Does Agile Actually Have Requirements?
Having the words “Agile” and “Requirements” in the same sentence is often seen by some as the highest form of blasphemy. “Agile does not have requirements in its glossary of terms” can often be heard from the depths of the development team. It may well not have the word “requirements” in its vocabulary but there are certainly artifacts that fulfill the role.
The Agile Manifesto
Agile is built around the idea of a fast, customer-focused and embryonic delivery process which is supported by the Agile Manifesto:
- Individuals and interactions over processes and tools
- Working software over comprehensive documentation
- Customer collaboration over contract negotiation
- Responding to change over following a plan
That is, while there is value in the items on the right, we value the items on the left more.
Agile nurtures the requirements and solution so that they evolve into the final delivery. At the center of this nurturing process is the user story, brought into life at the very start, growing and maturing through each iteration and release, gathering more detail for the requirements of the end product throughout the whole process.
Telling a Good Story
Requirements on an Agile Scrum project are gathered in the product backlog and detailed through user stories. Traditionally written on paper or card, a user story is a short, simple description of a feature told from the perspective of the user of the system.
Unlike traditional ways of requirements gathering in which there is a concerted effort at the start of the project to define and tie down what the user needs, the user story and therefore the requirements are time based–growing, evolving and maturing over the course of the releases, iteration and daily planning.
There are several techniques you can use to probe for user stories; I have identified the five techniques that I use on a regular basis, each taking a slightly different approach but each adding to the gathering of information. The techniques on their own will present a good catch of user stories but I would certainly recommend that you combine several techniques. Each can focus on a unique area that may have been missed by using just one approach.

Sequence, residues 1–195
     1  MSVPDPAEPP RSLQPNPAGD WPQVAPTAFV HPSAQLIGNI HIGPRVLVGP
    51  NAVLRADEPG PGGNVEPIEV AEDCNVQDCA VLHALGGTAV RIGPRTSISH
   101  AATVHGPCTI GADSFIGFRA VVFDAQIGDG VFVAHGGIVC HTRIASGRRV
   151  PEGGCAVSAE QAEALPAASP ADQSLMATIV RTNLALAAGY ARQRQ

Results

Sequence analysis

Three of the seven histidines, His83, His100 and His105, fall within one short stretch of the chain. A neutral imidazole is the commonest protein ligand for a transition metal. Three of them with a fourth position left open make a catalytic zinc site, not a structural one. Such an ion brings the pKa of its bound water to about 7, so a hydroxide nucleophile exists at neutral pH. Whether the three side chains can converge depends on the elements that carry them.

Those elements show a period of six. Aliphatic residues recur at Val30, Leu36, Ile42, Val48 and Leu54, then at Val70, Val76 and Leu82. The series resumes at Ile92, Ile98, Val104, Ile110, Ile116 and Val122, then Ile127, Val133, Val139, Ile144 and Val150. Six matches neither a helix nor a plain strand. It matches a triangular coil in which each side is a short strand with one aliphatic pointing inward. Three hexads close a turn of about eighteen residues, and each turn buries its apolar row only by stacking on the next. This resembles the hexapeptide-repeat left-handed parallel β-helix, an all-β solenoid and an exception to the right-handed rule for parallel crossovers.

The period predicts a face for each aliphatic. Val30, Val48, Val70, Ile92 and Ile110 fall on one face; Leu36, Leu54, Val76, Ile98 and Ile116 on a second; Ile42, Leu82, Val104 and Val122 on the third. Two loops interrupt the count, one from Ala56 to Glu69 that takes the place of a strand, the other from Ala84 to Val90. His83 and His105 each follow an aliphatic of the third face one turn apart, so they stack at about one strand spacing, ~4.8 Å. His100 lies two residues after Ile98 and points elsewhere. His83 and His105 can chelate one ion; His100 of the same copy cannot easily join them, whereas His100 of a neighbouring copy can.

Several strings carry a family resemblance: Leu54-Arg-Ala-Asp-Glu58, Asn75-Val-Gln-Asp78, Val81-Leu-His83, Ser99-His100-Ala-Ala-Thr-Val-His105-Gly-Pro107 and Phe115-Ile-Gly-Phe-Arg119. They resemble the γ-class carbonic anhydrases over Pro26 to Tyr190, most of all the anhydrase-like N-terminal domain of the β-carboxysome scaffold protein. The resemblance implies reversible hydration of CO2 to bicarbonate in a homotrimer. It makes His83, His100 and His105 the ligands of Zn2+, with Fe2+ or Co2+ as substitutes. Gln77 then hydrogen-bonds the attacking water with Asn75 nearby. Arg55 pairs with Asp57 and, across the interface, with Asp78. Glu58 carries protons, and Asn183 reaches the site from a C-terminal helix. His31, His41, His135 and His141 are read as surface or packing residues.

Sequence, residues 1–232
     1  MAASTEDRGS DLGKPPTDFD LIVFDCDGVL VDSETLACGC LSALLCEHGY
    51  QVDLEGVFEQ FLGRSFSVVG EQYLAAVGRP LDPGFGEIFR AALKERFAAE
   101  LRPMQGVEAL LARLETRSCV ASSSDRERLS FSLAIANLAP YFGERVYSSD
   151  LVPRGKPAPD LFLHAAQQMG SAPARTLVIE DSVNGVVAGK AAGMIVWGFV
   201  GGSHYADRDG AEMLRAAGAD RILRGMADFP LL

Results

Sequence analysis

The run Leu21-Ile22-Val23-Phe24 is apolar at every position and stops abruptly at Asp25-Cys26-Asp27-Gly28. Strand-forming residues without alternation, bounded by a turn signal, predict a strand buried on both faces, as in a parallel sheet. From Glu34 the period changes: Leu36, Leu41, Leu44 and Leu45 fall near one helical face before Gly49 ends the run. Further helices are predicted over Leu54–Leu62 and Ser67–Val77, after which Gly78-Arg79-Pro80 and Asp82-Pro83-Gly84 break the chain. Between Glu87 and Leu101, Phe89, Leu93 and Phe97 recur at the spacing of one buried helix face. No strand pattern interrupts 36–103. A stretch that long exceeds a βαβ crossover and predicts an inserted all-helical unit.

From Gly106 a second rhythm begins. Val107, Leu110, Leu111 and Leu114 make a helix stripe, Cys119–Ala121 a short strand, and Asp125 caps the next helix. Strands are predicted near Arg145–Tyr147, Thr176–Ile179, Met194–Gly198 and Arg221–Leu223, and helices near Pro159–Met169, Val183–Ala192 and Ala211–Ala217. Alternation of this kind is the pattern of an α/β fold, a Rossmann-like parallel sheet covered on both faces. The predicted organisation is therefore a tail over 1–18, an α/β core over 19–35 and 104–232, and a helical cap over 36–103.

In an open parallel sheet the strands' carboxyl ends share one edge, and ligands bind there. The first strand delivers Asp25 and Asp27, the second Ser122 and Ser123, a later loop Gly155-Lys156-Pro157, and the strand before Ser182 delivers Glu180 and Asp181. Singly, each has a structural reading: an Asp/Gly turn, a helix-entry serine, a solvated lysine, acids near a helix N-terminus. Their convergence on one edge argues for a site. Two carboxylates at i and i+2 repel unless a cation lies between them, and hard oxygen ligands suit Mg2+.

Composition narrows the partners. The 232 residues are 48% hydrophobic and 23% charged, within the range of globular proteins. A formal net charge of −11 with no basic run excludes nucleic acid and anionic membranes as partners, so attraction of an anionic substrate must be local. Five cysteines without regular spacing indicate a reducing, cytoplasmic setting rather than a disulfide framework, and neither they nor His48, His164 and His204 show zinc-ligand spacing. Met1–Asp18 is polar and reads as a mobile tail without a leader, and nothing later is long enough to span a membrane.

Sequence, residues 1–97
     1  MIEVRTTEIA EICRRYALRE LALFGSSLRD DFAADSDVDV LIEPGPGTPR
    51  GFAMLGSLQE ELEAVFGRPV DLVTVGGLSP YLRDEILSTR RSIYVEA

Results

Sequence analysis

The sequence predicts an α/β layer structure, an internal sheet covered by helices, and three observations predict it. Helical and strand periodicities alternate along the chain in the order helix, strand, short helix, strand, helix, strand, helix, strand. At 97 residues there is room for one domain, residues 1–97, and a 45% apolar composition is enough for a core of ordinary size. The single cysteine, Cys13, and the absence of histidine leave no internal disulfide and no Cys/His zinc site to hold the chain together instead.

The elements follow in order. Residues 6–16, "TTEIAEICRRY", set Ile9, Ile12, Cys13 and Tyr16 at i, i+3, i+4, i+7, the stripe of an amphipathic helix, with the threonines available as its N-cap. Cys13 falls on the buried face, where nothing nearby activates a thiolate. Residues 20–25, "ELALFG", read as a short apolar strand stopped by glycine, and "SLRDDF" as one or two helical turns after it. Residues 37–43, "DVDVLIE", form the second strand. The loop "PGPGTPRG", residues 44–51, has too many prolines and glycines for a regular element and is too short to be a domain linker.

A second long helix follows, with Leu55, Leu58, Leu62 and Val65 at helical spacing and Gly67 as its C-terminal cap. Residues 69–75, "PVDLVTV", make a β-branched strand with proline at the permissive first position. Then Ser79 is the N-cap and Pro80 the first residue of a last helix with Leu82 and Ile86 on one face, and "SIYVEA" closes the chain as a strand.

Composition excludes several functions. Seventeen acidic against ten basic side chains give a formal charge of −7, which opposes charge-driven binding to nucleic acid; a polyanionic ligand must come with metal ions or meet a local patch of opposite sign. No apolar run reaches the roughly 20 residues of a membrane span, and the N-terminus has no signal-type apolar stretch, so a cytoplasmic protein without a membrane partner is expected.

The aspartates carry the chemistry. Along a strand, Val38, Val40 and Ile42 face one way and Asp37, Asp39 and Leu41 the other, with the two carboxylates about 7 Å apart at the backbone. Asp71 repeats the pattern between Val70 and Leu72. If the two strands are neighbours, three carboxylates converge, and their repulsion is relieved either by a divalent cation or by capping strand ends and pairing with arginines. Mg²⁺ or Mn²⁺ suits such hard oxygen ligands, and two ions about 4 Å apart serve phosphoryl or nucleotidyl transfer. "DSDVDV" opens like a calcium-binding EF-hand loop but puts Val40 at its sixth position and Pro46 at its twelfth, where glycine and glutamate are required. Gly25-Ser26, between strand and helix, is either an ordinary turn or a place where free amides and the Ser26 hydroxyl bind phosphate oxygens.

Whichever method(s) are used, always try to follow the INVEST model when pulling the requirements details into the user story. The INVEST model was presented by Bill Wake and is a great template to use when writing a good user story:
- Independent – One user story should be independent of another (as much as possible). Dependencies between stories make planning, prioritization, and estimation much more difficult.
- Negotiable – Details of the story can be worked out during an Iteration planning meeting. A story with too much detail can limit conversations (at times).
- Valuable – Value to the customer.
- Estimable – There needs to be enough detail for the developers to estimate a user story to allow prioritization and planning of the story.
- Small – A good story should be small in effort, typically no more than 2-3 person weeks of effort (smaller is better)!
- Testable – User stories should be testable with certain acceptance criteria. Saying something like “software should be easy to use” is not helpful.
One Brick Doesn’t Make a Wall
I have worked on archaeological sites and one of the many sayings they have is “one brick doesn’t make a wall.” The same can be
said for Agile requirements gathering–“using one technique doesn’t make a solution”–and I cannot stress enough the importance of using a combination of techniques over the course of the project to uncover the requirements.
Recently I worked with a small software company looking to develop a new product to add to its mobile product set. My first task was to identify the user stories and product requirements. Straightaway we held a workshop with the entire staff, thirteen in all. In the meeting we began by understanding the goal of the product, which had been defined prior to the meeting. With the goal in mind I put a pile of blank cards on the table and started to tease out ideas and break the ice. Soon everyone put forward their thoughts by writing them on the cards. Some thought statements were quite large, and they were broken down further. There were times when we deviated into solving problems but this was quickly brought back on track.
At the end of the workshop we had identified a plethora of user stories and, most of all, everyone became fired up thinking about the requirements. Although much more went on in this meeting, it exemplifies one of the techniques that can be very beneficial when gathering requirements. Further into the project we sent out questionnaires to users and customers to get more focused details and needs. Trawling for user stories is not a single up-front task; it is a continual process allowing us to respond to changes and deliver a more fulfilling experience.
Tools for the Toolbox
There are so many approaches to gathering user stories. Quite often you can spark a very lively debate as to which is best and which
is Agile. The following techniques are certainly recognized and popular and they will do the job. If you have other successful techniques please keep those in you toolbox as well; there are no right or wrong techniques as long as they can identify user stories.
This very common approach to gathering user stories is certainly more effective if the interviews are conducted across a wide selection of users and roles. Try defining a set of questions asked of a selected set of users on a one-to-one basis. The keys to the success of this type of information gathering are the selection of the right interviewees, whether they are users or proxy-users (managers, IT staff, etc.), and asking the right kind of question. Having domain expertise and technical knowledge will certainly help in pulling the stories together.